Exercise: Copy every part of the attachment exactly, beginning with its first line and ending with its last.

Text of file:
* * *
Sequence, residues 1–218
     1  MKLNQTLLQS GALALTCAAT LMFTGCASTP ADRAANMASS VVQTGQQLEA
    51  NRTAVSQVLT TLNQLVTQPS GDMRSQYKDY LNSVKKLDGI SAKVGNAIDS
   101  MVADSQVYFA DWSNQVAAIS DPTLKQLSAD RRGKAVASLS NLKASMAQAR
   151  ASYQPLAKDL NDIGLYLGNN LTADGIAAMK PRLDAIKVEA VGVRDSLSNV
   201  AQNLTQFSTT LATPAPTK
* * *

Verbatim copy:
Sequence, residues 1–218
     1  MKLNQTLLQS GALALTCAAT LMFTGCASTP ADRAANMASS VVQTGQQLEA
    51  NRTAVSQVLT TLNQLVTQPS GDMRSQYKDY LNSVKKLDGI SAKVGNAIDS
   101  MVADSQVYFA DWSNQVAAIS DPTLKQLSAD RRGKAVASLS NLKASMAQAR
   151  ASYQPLAKDL NDIGLYLGNN LTADGIAAMK PRLDAIKVEA VGVRDSLSNV
   201  AQNLTQFSTT LATPAPTK